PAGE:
The two bombs fell in the heart of the orchard near this village north of Baghdad a little more than a minute apart. Abu Musab Zarqawi’s last refuge, a whitewashed house in an idyllic rural setting, was obliterated.
On Saturday, three days after Zarqawi was killed, the U.S. military brought a group of reporters to see the slabs of concrete and twisted metal that are all that remain of the house. American troops who had combed through the debris had left the more mundane items: candy wrappers, a child’s shoe, a torn page of a May 2 copy of the Arabic-language edition of Newsweek, and a threadbare leopard-print slip.
Neither the rubble nor the items left behind offered many clues about Zarqawi or the people who died with him. And questions remained about the final minutes of the leader of Al Qaeda in Iraq.
In a briefing with reporters, Army Maj. Gen. William B. Caldwell IV, a U.S. military spokesman, said that two doctors had been brought to Iraq to conduct an autopsy to determine the exact cause of Zarqawi’s death. Results from the examination will be made public within days, Caldwell said.
He also confirmed that a girl between 5 and 7 years old had died in the bombing. Two unidentified women and one man were also killed in addition to Zarqawi and his spiritual advisor, Sheik Abdel Rashid Rahman, Caldwell said. U.S. officials at first had said that Zarqawi and at least five others had died, including a woman and a child, but then changed to say that seven people had died, none of them children.
The military has revised several other details of the bombing and its aftermath.
Caldwell said that early reports after a military operation can sometimes include hazy or contradictory information.
“There is no intention on anybody’s behalf to engage in deception, manipulation or evasion,” he said.
After first reporting that Zarqawi was dead when U.S. troops arrived, U.S. officials also now agree with Iraqis who said that the leader of the terrorist organization died at the site in the presence of U.S. troops.
American commanders in nearby Baqubah said Saturday that local Iraqi police, unaware of the top-secret bombing mission, heard the two blasts and sent officers and an ambulance to the orchard. Stationed less than two miles away, the officers arrived within 10 minutes.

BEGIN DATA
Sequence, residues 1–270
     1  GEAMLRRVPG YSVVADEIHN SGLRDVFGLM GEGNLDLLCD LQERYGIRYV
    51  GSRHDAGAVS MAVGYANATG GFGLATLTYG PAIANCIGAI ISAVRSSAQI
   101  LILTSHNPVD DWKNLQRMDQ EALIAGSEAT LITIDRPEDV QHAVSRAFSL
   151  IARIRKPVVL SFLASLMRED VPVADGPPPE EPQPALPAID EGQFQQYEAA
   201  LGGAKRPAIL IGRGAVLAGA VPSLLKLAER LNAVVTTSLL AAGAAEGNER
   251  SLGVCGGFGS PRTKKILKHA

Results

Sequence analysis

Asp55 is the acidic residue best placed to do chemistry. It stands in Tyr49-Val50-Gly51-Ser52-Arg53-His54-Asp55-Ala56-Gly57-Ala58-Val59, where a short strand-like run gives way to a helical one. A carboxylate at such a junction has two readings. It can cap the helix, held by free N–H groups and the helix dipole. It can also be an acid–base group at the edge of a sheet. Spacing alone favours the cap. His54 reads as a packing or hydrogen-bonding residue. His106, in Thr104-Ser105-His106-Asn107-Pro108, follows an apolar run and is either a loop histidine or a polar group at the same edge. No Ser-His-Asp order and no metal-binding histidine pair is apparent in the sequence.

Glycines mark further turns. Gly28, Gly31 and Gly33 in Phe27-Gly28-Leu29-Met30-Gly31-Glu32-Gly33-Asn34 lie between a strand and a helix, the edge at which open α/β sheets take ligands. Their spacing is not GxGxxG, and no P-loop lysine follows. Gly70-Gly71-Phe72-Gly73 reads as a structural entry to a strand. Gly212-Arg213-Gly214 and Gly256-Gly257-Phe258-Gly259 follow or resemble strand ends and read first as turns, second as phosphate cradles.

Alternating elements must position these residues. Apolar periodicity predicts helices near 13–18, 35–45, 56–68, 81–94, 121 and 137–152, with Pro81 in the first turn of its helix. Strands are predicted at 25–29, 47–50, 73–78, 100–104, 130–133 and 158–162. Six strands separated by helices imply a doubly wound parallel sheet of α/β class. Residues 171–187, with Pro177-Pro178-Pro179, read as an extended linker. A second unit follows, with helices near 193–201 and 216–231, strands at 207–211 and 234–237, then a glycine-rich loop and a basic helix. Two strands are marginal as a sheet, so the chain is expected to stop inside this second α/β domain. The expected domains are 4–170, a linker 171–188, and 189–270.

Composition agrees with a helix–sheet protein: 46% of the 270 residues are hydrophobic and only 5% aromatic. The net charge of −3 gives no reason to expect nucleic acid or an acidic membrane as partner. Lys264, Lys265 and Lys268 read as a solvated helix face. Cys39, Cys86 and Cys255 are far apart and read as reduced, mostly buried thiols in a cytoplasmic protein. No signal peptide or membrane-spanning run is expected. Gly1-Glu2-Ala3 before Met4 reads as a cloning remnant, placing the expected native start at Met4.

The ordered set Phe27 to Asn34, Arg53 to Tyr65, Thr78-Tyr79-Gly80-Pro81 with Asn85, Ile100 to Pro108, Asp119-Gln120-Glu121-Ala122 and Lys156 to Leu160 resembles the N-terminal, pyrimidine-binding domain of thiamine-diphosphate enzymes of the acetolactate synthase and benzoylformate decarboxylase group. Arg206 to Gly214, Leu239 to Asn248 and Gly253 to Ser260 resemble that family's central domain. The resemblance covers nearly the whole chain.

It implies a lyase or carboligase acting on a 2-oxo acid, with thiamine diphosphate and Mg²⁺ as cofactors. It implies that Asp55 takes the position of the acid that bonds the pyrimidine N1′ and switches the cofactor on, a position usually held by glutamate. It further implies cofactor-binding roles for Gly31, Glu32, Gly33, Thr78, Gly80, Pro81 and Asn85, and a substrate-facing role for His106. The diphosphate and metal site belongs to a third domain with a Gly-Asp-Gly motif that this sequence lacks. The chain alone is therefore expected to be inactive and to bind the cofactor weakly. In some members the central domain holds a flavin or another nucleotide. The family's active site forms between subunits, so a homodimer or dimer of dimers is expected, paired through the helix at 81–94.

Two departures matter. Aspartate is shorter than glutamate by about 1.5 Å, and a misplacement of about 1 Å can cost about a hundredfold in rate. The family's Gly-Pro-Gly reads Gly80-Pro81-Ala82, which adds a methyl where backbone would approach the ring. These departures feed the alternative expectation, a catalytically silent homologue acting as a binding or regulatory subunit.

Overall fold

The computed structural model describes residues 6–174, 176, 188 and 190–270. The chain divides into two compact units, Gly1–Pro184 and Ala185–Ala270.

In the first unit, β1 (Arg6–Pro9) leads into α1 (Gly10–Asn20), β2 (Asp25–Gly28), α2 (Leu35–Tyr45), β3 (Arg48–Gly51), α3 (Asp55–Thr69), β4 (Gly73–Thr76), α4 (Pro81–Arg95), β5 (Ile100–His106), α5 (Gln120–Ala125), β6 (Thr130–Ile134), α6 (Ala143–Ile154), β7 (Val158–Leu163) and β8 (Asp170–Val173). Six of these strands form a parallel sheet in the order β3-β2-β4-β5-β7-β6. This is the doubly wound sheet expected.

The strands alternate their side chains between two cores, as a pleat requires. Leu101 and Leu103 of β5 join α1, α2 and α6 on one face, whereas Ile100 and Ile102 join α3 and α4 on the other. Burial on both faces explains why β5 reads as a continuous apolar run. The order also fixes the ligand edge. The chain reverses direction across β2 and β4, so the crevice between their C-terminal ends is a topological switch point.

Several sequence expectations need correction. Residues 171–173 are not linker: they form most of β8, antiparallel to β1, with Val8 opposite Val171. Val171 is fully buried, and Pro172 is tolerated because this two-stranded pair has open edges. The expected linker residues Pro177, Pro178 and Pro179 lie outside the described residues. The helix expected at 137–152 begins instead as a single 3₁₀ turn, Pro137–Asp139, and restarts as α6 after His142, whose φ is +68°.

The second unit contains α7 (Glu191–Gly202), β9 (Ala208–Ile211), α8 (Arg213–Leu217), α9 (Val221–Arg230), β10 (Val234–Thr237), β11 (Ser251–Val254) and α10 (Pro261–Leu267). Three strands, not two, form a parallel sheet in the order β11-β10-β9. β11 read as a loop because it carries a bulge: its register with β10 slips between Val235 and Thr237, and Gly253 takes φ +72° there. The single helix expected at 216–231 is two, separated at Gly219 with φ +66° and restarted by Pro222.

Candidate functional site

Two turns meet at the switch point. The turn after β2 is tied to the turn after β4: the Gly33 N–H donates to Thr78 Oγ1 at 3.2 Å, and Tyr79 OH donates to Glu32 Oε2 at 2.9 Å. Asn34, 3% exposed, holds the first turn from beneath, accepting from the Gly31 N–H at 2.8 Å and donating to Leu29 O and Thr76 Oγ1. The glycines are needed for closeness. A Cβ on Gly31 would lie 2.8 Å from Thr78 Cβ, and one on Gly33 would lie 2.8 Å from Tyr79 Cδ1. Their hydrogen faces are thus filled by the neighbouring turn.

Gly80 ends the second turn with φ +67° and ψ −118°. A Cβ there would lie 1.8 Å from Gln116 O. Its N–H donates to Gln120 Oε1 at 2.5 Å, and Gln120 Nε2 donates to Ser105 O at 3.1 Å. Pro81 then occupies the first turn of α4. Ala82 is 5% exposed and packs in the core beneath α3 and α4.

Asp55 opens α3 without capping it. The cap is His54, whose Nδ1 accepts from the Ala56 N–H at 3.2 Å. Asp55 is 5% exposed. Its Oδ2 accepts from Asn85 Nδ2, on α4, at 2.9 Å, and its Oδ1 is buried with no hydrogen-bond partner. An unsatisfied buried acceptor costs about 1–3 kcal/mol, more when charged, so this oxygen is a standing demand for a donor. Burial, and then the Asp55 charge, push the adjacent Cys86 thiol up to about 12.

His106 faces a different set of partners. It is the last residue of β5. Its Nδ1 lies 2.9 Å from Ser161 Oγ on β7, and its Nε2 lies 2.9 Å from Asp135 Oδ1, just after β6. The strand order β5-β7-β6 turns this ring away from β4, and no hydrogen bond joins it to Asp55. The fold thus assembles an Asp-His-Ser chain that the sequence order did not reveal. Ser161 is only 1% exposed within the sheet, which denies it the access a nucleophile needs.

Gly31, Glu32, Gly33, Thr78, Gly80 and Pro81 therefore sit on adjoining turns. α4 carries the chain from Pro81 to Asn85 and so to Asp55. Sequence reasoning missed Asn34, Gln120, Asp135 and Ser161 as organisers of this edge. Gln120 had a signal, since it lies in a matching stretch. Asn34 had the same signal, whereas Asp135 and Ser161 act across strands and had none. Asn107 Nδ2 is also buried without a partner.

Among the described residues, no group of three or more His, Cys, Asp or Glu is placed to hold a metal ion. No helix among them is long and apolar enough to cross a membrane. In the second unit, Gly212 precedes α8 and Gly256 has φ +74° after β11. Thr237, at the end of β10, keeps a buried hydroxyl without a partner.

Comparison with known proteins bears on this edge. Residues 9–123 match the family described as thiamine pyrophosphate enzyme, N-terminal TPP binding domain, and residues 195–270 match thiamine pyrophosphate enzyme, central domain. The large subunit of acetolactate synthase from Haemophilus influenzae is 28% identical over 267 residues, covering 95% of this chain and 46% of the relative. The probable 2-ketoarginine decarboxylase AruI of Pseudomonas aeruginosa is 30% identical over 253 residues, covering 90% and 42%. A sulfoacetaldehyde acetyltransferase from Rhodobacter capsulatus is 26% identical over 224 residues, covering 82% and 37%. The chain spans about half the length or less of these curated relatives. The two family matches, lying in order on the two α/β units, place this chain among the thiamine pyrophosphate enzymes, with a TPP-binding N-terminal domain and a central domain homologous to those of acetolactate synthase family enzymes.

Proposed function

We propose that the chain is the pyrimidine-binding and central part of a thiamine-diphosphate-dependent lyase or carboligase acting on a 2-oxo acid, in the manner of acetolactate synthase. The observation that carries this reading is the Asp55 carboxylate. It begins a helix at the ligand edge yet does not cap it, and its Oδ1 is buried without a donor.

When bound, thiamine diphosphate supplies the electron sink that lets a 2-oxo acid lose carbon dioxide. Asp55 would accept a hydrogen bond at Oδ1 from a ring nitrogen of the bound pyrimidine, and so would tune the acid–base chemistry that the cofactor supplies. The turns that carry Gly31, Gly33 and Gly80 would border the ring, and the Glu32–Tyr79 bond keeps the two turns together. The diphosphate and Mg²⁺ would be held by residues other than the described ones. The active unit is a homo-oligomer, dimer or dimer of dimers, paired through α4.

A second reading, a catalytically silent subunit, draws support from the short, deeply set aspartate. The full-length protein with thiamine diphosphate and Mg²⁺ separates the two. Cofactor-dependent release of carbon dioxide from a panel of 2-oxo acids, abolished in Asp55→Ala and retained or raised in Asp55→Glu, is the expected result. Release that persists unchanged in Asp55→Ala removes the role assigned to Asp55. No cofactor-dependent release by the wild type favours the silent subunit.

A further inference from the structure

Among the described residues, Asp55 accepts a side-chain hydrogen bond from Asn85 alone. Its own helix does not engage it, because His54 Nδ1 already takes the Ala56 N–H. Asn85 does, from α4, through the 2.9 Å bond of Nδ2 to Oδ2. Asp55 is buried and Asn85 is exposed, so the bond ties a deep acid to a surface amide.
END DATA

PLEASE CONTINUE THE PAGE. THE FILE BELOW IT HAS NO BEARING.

Finding Zarqawi wounded, they put him on a stretcher, according to accounts from Iraqi police and U.S. military officials.
U.S. military officials say that troops who arrived moments later quickly identified Zarqawi and strapped him to the gurney when he began to move.
“He died almost immediately thereafter from the wounds he’d received from this airstrike,” Caldwell said.
U.S. officials denied several news reports that Zarqawi was abused by U.S. troops before he died.
An Iraqi police lieutenant who said he was among the first people at the scene told The Times on Saturday that after Iraqi police had carried Zarqawi to the ambulance on the stretcher, U.S. troops took him off the stretcher and placed him on the ground. One of the Americans tried to question Zarqawi and repeatedly stepped on his chest, causing blood to flow from his mouth and nose, said the lieutenant, who spoke on condition of anonymity.
A man identified only as Mohammed, who said he lived near the Zarqawi hide-out, told Associated Press Television News that he had witnessed Americans beating Zarqawi. “They stomped on his stomach and his chest until he died and blood came out of his nose,” he said.
A U.S. military spokesman said by e-mail Saturday that there was no evidence to support allegations that coalition forces had beaten the insurgent leader.
“Although Zarqawi was mortally wounded, a coalition medic treated him while he lapsed in and out of consciousness,” the spokesman said.
The U.S. military said intelligence specialists had been following the movements of Rahman, Zarqawi’s spiritual advisor, for weeks. When it became clear Wednesday that Rahman was meeting Zarqawi, American commanders ordered the pilot of an F-16 fighter jet that was on a routine mission in the area to drop the two bombs on the house.
How long Zarqawi and the others had lived at the house was unclear, military officials said.
Lt. Col. Thomas Fisher, commander of the 1st Battalion, 68th Armored Cavalry, said the previous owner told American military officials that he had sold the house two months ago. Neighbors said that they saw a family moving in about 10 days ago, but that there had been little traffic to and from the house.
“We go up and down these roads every day,” said Maj. Angel Brito, commander of the battalion’s Charlie Company, which patrols Hibhib. “I was very surprised. There were no clues.”
Brito said he had received several congratulatory calls from local leaders, but for him the celebration was tinged with frustration. Zarqawi “was under my nose the whole time,” he said.
Times staff writer Saif Rasheed in Baghdad contributed to this report.